Girls Gone Wild: Reversing the Roles of Street Harassment

It is difficult to pinpoint the origins of my interest in gender relations, but one of the most prominent memories that launched my self-awareness of being a woman in this world was when I was cat-called on a street corner when I was in 9th grade. The incident was so specifically unique to my identity as a female and to my physical body that it forced me to begin considering the differences that I was bound to face simply because of my gender. Street harassment is an issue that I come back to time and again, reminding myself not to become complacent about it despite its prevalence in every (though not only) woman’s daily life. The most difficult task with bringing awareness to street harassment, is trying to allow others to understand what it is like to walk in your shoes. I have a personal project in the works that will document street harassment from the receiver’s point of view, and track what trends exist in the practice and reception of it. This article documents a different attempt to bring awareness to the issue.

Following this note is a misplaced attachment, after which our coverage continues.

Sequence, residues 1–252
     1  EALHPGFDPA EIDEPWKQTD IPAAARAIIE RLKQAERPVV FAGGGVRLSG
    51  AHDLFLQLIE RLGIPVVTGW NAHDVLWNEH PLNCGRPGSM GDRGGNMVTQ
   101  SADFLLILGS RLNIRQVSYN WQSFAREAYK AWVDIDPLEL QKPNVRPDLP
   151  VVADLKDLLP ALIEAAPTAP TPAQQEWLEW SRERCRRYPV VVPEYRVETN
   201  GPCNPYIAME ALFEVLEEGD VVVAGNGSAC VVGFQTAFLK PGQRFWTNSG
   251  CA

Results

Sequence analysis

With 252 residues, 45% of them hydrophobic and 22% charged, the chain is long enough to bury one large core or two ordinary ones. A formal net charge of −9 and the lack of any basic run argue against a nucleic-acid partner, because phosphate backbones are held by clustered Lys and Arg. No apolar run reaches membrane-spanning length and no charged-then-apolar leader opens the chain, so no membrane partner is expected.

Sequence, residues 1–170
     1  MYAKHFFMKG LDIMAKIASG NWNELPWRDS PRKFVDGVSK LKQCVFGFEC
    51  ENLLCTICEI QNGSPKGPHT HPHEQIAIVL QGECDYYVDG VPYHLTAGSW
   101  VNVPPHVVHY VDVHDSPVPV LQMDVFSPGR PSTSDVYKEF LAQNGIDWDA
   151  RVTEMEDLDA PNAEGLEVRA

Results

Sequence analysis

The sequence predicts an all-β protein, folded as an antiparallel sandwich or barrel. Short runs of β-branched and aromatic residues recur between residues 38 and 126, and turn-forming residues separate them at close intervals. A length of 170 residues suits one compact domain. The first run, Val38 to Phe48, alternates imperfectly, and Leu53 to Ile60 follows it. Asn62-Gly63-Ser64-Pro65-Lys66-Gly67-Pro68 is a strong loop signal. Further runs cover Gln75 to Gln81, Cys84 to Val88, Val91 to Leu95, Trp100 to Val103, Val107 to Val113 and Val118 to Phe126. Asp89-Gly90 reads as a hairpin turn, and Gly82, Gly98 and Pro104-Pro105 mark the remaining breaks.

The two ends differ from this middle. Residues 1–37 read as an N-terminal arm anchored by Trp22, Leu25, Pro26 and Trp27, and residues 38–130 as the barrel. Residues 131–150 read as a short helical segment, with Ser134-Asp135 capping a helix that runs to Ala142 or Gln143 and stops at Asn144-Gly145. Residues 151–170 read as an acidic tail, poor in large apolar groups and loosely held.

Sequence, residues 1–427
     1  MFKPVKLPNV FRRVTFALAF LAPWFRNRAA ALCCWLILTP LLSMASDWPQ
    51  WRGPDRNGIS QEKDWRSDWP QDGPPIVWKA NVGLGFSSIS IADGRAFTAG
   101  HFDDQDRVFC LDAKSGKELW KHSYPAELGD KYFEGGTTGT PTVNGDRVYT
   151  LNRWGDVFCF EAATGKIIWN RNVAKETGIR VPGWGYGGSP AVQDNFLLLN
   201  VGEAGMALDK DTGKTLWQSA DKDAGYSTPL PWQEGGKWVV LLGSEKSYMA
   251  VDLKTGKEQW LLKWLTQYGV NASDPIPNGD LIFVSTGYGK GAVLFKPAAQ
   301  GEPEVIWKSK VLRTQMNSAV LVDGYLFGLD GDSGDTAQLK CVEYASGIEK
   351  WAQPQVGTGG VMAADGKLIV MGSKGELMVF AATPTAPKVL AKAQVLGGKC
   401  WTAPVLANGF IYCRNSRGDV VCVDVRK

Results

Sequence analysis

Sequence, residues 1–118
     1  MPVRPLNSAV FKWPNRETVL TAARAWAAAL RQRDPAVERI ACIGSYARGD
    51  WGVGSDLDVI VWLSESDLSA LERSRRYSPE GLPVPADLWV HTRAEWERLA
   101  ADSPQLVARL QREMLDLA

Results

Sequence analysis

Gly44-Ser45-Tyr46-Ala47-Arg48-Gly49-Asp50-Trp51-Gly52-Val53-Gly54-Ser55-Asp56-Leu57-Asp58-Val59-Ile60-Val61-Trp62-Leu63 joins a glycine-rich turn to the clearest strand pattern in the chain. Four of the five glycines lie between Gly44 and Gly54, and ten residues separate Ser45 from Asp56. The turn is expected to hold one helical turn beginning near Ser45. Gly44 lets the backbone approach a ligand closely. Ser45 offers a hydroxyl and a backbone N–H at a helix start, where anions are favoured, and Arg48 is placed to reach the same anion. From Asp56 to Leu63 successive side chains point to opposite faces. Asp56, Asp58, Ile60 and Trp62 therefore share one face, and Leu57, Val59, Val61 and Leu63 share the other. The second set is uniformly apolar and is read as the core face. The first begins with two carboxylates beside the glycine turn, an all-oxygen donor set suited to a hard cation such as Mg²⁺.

In ‘Get your arse out, mate’: we turn the tables on everyday sexism, video producer Leah Green was sent out by The Guardian to recreate street harassment scenarios reported by women to @Everyday Sexism. The subsequent video is both humorous, and upsetting, uncomfortable and shocking. Obviously simply reversing the direction of verbal harassment doesn’t reverse the gender hierarchy and social positions that complicate such advances, but Green does a good job at contextualizing the absurdity of such behavior via the reversal of gender roles. Also, something as simple as close proximity and leering gestures are displayed as comically, but powerfully uncomfortable. There has been some controversy over the effectiveness of the video, and the morality behind subjecting innocent men to such behavior. But if the point is highlighting the absurdity of such remarks in order to bring attention to the issue, perhaps even these men can appreciate being on the receiving end for a moment.

– Caterina Gironda

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